Saturday, December 15, 2012
In the past, I did a couple of relocations both local and overseas. Before, during, and after relocation, it is often painful, stressful, expensive, and troublesome. The worst of the worst, is even living with people that are "good" at the beginning and bitter towards the end especially when money is on the table. The worst situation of all my relocations was to live with persons that were my "friends" at the start but then turned out to be abusers, gold diggers, preying and taking advantages of me and my kindness. When you buy a property, make sure that you buy it for yourself and that it is 100% owned by you. If you cannot afford a home, townhouse, or condo, DO NOT BUY IT WITH ANOTHER PERSON.
In the past, I bought a condo with another person and had a mortgage of 5 years fixed rate. On the second year of the mortgage, I found a good and better paying job in another province, same country. The first agreement was to sell the condo and split the profit or loss expenses in half and I would give her the payment for her first and last rent of the apartment. However, she disagreed and opted to buy the condo for herself instead. She strongly disagreed because she reasoned out that she will rent an apartment but will waste money in the drain in the long run. So, she refused the first agreement to sell the condo. She would not sign if the condo would be sold to a different person.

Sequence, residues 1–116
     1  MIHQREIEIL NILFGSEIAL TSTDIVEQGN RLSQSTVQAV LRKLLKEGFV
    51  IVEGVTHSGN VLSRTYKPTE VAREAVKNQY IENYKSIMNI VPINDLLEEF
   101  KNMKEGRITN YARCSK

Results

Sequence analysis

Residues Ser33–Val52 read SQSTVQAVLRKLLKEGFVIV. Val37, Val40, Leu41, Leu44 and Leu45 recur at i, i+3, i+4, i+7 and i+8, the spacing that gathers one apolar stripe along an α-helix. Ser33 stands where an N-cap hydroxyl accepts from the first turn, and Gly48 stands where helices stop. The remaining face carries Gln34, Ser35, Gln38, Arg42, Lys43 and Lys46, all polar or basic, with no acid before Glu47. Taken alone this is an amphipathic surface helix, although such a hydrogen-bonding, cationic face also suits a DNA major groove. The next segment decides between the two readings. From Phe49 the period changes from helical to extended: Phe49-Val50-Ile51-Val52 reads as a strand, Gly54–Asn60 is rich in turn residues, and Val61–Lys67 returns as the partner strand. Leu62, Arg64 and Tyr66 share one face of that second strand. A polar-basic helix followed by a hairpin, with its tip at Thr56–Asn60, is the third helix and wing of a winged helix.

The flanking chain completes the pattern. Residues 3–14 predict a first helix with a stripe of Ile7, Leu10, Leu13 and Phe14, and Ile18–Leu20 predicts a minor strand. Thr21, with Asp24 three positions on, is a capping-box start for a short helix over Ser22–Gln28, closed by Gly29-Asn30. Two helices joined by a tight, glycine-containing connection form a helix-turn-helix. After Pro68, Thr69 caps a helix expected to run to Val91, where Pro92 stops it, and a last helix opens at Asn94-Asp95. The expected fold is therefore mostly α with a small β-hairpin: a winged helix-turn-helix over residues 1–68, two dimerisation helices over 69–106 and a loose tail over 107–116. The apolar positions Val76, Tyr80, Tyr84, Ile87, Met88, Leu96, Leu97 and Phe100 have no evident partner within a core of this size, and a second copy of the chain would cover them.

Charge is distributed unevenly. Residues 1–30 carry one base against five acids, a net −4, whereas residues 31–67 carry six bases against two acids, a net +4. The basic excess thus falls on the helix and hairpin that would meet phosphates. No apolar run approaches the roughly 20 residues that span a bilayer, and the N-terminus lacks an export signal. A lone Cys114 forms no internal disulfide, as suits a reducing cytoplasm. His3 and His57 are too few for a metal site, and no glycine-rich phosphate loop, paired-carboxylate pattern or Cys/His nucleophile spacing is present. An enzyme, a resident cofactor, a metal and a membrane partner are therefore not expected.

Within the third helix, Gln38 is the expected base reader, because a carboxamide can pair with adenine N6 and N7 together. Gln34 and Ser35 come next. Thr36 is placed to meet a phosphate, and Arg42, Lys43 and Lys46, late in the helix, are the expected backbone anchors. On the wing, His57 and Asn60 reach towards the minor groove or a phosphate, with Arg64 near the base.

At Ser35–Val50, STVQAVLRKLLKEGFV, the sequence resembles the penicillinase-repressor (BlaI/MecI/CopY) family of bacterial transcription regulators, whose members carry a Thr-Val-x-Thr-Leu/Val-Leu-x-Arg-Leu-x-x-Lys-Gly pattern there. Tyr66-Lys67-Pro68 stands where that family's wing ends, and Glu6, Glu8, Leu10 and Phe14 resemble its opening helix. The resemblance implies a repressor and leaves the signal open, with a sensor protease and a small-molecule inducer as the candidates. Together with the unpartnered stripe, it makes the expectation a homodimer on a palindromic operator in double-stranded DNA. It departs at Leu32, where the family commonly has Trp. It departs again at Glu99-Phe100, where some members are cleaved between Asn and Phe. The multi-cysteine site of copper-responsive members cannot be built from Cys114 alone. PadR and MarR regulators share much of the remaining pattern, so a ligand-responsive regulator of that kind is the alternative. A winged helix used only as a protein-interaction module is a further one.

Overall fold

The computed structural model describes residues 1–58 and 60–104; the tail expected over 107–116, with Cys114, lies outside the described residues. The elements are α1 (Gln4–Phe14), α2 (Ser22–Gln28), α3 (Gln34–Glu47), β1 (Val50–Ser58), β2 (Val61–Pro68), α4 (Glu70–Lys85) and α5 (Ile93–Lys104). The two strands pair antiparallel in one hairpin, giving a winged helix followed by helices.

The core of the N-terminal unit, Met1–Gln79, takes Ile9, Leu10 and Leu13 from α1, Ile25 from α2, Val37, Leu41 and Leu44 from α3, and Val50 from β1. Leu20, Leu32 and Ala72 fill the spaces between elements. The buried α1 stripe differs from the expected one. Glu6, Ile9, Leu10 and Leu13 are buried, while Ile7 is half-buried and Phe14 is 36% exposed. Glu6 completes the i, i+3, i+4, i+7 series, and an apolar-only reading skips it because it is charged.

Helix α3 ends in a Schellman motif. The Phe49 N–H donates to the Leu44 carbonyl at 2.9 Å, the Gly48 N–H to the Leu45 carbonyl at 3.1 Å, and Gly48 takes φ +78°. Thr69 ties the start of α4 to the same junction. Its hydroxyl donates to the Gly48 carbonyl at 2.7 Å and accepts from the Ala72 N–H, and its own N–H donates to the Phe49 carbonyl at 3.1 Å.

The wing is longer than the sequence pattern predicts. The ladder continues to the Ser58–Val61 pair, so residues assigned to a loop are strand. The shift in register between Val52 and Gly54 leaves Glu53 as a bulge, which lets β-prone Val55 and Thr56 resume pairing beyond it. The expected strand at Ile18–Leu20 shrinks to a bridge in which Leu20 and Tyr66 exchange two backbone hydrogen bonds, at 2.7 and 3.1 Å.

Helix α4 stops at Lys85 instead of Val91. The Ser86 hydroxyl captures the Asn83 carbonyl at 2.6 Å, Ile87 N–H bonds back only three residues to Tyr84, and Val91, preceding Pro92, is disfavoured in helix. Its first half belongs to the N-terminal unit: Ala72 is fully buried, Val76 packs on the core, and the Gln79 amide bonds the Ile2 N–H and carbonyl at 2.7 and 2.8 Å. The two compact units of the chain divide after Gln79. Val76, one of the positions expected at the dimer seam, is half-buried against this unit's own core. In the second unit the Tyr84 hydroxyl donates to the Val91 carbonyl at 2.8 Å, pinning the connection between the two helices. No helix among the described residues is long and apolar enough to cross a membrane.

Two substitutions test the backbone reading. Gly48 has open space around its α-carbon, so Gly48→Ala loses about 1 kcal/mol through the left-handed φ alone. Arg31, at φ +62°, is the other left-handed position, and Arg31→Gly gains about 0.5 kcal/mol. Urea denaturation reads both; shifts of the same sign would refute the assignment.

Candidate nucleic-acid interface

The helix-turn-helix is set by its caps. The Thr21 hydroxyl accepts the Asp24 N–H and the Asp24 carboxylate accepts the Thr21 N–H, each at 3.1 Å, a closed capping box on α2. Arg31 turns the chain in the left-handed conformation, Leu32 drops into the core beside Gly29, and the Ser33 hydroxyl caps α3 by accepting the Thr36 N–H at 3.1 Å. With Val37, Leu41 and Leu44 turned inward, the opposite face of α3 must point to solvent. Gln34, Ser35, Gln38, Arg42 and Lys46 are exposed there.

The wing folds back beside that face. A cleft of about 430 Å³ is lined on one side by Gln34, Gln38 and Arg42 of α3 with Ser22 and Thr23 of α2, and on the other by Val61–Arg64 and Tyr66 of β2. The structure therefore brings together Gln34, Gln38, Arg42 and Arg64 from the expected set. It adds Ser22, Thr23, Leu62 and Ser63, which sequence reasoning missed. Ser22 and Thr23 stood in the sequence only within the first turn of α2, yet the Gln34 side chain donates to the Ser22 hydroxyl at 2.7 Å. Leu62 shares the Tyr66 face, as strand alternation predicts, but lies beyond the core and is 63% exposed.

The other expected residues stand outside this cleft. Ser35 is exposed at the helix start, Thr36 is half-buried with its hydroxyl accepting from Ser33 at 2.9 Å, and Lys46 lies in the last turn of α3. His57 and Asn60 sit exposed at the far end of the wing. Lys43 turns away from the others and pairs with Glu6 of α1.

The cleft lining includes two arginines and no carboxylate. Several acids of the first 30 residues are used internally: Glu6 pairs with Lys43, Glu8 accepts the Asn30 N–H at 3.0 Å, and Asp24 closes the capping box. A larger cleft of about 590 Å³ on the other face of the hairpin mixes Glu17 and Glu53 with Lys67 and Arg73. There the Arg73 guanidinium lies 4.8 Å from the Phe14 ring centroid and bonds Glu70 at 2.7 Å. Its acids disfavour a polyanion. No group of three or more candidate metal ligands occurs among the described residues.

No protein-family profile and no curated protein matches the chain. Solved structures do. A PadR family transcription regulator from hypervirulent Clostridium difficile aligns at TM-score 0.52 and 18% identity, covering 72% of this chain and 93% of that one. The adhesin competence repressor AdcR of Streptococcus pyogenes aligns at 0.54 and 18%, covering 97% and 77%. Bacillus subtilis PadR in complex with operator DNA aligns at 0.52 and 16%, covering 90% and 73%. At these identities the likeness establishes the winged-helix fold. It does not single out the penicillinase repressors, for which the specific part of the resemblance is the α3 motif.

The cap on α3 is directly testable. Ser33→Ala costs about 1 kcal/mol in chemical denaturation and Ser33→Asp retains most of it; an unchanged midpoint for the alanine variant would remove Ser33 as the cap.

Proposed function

On the second agreement, an estimate of the costs to sell the condo was provided by the agent and sounded a reasonable choice for me instead of paying rent on my new address and at the same time paying mortgage on my old place (condo) while it is on the market and not yet sold. However, during the processing of documents related to the sale of the property, certain expenses were incurred outside and beyond the estimate and the estimated amount of expenses would be exceeded and she pressed on me to pay it 100% of the extra expenses in excess of the estimated amount and herself without spending a dime. I was devastated, it was hell living with this person and a terrible mistake to buy the property with this person!
Concerning relocation, I listed below some of the most important things for you to do and to have before, during, and after the move:
- Don't settle for a cheap place and compromise theft, crimes, and other dangers from the community
- Find a place that is convenient and close to schools, supermarkets, bus routes, malls, hospitals, etc.